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Slovenia Govt Condemned for Cutting Funds to Public News Agency

Illustration. Photo: EPA-EFE/CLEMENS BILAN.

Journalists have described an apparent decision to halt funding to he public news agency STA as a serious threat to media freedom – with some claiming it is a result of government irritation with its reporting during the pandemic.

The Slovene Journalists’ Association, DNS, said on Tuesday it was “appalled” by the government decision to stop funding the Slovenian Press Agency, STA, the independent public news agency, allegedly because it did not file the requested documentation to the Government Communications Office, UKOM.

“This is yet another attempt to destroy the national press agency, which is a pillar of high-quality and unbiased reporting. We have seen the same thing happen in neighbouring Hungary,” the DNS said in a press release.

As local media – but not the government press release – reported on Tuesday, the UKOM informed the government of Janez Jansa that it was unable to implement a contract with the STA for the rest of this year or conclude a contact for next year.

The STA as a result has not received any monthly compensation for October from UKOM, which its leadership says threatens its future, and is a serious threat to media pluralism and media freedom.

BIRN asked UKOM to respond to these accusations but did not receive a reply by the time of publication.

However, UKOM director Uros Urbanija told public television on Tuesday that there had been “no decision to stop funding the STA”, and that UKOM had only informed the government about the impossibility of financing the agency because it “did not get the information we need to be able to verify the credibility and sustainability of [STA’s] funding”.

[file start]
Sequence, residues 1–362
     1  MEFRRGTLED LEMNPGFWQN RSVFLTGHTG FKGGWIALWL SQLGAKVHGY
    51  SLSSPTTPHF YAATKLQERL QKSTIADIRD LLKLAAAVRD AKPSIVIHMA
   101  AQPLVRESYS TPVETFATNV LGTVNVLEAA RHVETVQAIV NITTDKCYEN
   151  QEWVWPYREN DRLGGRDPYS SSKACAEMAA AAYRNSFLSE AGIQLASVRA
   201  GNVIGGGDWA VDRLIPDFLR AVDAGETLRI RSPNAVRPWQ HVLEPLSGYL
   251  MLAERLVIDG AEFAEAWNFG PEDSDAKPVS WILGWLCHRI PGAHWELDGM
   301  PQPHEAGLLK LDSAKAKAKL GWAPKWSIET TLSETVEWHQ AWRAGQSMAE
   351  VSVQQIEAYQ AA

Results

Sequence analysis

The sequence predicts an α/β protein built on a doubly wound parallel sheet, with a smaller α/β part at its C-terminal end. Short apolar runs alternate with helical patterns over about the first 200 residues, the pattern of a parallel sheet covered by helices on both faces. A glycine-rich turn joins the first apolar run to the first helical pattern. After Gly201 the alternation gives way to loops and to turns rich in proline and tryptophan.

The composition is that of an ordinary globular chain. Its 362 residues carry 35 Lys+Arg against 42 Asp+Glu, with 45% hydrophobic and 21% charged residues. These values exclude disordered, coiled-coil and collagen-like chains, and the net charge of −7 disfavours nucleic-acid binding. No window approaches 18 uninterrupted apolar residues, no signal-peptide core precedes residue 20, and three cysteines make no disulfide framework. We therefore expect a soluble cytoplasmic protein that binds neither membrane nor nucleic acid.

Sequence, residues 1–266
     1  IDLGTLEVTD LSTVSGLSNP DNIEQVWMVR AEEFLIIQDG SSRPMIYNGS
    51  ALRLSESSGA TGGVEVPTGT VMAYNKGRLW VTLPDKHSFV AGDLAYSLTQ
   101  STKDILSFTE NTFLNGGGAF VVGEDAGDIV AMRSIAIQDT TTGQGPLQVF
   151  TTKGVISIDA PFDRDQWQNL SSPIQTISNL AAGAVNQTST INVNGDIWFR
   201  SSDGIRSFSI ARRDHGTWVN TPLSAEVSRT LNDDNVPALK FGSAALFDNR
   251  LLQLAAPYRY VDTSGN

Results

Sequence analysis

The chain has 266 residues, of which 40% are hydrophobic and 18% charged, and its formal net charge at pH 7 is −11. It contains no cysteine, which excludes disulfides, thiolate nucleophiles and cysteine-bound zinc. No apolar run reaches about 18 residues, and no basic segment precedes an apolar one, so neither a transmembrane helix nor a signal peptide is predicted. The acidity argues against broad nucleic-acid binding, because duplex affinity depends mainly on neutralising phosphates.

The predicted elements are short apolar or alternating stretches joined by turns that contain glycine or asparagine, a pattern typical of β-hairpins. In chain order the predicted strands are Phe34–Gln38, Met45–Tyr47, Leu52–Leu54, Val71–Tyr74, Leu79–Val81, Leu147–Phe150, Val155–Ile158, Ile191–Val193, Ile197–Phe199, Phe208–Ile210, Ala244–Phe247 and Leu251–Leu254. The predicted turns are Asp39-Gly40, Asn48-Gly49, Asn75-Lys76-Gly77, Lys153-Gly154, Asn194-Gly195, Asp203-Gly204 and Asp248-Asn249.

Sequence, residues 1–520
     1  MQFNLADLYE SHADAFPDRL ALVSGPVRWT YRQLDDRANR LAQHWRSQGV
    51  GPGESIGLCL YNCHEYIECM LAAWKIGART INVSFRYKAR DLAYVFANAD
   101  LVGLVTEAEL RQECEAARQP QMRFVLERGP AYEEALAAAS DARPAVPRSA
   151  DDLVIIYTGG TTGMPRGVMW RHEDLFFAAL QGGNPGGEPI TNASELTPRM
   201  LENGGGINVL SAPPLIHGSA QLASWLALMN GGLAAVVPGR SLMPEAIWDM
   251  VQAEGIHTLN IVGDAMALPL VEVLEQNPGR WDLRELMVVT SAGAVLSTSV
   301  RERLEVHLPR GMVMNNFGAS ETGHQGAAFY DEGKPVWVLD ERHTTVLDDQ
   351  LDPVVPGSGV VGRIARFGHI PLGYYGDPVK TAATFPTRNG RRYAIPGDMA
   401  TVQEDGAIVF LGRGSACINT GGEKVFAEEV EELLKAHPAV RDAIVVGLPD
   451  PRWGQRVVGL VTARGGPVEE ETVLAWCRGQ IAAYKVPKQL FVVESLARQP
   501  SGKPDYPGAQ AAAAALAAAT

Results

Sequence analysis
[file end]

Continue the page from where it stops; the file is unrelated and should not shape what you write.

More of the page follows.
The pensioners’ party, DeSUS, a partner in the coalition government led by Prime Minister Jansa, on Twitter on Tuesday “demand the immediate withdrawal of the decision, by which, without prior and reasoned discussion, the government is strongly interfering in the media space”.

The DNS claims that, as the founder of the agency, the Republic of Slovenia is required by law to finance the agency.

The STA said on Tuesday that the UKOM decision was preceded by a series of letters addressed to the director and Supervisory Board since mid-October, and was responding to it “in a manner and within the scope envisaged by the legislation”, but that some questions submitted by the UKOM have no legal basis.

“In the letters, UKOM demanded a series of explanations: from content-related questions about the journalistic work of the STA editorial board and specific news content and responses to that content which run against the editorial autonomy provided by law; to issues related to business operations, which are, in accordance with the ZSTAgen [Slovenian Press Agency Act], supervised by the Supervisory Board of the STA,” the agency said.

Some observers suggest that Jansa’s right-wing government is dissatisfied with the STA’s reporting during the pandemic, as it gave more space to anti-government protests than to government and prime ministerial appearances.

But the DNS defended its work. With its news wire, live streamed press conferences and radio news service, “the STA has made it significantly easier for journalists to access information at a time when they have had to work remotely, due to various restrictions”, the DNS said.

A number of local and international press freedom watchdog organizations have accused Jansa of using the pandemic to restrict media freedoms and make often personal attacks on journalists.

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